Posada El Antano
How has this hotel rated in the past?
- Shuttle bus service
- Free High-Speed Internet
- Business Services
Travelers also recommend:
TripAdvisor Reviews Posada El Antano Antigua Guatemala
Travel Blogs from Antigua Guatemala
... is perched in the door of her shop, asking me to come in. I approach, she starts her broken english sphiel." Why you only buy one shop? I need money. I poor. I work. You need to buy from me!" I am kind, most of her stuff is typical of what I have seen before. I tell her I don't really see anything I need. She repeats her sphiel. Then adds in clear spanish, "Tu eres tacaņo!" I reply," Muchas gracias Seņora" and leave. I see her later in the day, as I pass by she looks at me ...
... no free coffee, no wi fi, not allowed to bring your own food.
FOOD: The local markets were very cheap, selling a huge variety of tropical fruit and vegetables– Tomatoes 5Q (R8) per kg, Avocado pear 2Q (R3), Onions, Mango 5Q (R8) per kg, Pineapple 5Q (R8), Watermelon 5Q (R8), Bread – tortillas 1Q (R1.50) for 5. Corn tortillas are the main source of carbs and can be bought anywhere; they are made from white, yellow or blue corn, all tasting similar. Our favourite ...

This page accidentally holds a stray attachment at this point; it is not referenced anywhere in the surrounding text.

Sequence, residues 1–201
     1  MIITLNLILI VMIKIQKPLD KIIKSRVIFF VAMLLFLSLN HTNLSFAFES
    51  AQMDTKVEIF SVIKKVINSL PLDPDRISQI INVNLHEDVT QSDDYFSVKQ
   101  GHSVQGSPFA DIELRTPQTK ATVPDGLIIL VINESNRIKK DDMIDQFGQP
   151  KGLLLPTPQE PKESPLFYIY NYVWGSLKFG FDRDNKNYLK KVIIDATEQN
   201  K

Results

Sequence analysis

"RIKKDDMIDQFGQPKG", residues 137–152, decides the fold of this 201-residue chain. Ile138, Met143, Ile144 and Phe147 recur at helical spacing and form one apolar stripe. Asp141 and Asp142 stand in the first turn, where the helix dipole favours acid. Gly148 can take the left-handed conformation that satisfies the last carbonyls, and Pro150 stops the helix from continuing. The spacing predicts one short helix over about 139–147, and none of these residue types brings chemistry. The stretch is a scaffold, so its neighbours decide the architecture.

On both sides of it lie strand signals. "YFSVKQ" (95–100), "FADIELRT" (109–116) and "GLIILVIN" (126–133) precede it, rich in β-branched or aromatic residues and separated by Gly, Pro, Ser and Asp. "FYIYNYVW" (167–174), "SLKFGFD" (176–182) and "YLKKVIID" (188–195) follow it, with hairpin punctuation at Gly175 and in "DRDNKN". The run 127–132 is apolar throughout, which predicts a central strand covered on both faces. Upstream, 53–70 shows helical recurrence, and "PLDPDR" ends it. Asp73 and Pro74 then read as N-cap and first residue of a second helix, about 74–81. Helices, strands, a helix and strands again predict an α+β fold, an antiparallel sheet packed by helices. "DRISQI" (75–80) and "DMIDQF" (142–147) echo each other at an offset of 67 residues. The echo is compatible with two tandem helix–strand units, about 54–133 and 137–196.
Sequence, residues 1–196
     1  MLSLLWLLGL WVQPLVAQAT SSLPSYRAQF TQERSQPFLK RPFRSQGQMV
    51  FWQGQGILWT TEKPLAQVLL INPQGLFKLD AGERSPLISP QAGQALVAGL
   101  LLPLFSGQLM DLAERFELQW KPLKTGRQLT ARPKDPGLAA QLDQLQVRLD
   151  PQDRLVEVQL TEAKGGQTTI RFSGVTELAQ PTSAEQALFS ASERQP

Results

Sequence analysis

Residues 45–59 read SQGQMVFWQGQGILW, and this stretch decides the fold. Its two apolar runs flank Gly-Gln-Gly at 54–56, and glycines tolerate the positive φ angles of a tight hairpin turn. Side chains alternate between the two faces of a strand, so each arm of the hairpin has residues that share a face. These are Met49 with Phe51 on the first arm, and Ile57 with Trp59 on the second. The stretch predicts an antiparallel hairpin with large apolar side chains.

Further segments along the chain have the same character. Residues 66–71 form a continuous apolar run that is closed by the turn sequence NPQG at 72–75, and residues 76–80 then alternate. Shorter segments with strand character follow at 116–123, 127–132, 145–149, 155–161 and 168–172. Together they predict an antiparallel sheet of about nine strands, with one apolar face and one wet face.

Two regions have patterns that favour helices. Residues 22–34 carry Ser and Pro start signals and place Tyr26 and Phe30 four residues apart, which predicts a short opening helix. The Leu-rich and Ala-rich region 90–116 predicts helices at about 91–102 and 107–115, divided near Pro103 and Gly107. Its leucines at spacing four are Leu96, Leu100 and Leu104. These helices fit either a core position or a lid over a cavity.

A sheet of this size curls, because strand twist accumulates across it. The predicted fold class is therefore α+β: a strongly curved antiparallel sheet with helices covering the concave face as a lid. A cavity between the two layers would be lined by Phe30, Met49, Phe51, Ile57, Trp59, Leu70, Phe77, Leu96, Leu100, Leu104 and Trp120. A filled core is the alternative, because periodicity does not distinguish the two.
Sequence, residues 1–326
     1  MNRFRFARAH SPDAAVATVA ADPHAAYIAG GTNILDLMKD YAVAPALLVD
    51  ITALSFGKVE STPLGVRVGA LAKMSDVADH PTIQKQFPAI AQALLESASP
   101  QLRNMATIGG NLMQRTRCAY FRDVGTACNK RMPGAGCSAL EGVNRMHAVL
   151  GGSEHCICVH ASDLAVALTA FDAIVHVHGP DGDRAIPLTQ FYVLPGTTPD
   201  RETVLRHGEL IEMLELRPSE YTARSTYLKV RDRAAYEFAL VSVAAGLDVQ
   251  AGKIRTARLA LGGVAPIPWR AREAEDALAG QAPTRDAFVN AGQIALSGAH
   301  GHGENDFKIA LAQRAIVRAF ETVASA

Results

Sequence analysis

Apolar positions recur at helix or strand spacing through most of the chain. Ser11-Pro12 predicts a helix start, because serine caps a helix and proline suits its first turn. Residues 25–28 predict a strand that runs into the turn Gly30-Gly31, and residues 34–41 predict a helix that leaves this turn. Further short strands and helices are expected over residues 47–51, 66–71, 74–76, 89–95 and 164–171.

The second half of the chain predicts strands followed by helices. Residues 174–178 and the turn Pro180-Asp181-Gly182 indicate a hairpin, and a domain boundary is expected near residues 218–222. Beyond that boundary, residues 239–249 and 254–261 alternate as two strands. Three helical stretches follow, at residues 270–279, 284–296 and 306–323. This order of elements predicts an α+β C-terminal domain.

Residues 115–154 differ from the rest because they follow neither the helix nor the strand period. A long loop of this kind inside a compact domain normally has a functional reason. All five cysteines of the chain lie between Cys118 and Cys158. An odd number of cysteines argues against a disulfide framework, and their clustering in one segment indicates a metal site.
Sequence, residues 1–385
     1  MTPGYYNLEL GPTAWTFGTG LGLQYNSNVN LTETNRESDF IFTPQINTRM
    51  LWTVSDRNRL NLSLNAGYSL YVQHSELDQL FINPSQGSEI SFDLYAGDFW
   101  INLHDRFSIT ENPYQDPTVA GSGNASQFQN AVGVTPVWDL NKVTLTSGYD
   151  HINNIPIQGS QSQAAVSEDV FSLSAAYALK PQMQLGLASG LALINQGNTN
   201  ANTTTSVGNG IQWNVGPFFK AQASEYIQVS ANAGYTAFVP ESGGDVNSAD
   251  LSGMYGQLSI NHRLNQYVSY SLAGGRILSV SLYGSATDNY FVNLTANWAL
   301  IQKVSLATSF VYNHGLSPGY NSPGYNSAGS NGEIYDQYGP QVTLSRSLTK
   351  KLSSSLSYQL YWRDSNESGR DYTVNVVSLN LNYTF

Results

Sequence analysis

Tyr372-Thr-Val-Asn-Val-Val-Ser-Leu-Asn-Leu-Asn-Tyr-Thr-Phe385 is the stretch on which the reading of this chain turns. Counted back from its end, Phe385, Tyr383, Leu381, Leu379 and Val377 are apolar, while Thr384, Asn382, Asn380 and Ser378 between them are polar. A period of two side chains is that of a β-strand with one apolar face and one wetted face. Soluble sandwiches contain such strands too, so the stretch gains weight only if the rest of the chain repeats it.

... how well I did. I helped other people carry their packs since mine was super heavy with mine and Adelaids things packed together, kept a good pace, and was the third person to the top. And let me tell you, getting to the top was easily the best feeling I've ever experienced in my life. Such a ginormous accomplishment, especially for someone not in the best shape of their life.
We set up our tents ...
... letting ourselves in for when we signed up to the two day, one night hike up the tallest of the three volcanoes, Acatenango, at just short of 4000m and about 0 degrees at the summit. Not only do you spend the majority of the time hiking up what can only be described as the steepest and longest sand dune that feels like a never ending stair master, you also have roughly 15kg of kit of your back consisting of 4 litres of water, warm clothes, food, and part of the tents ...
... is nearly as interesting as in Vietnam with the local 'chicken' buses carrying all manner of people and goods strapped to the roof careering along the roads. They plus the huge articulated lorries winding their way along and with no road etiquette re which side to pass a vehicle made for an interesting ride. I loved seeing local life as we passed by- young children walking alongside what would be the equivalent of our A1 ; rows of shacks or rather shops ...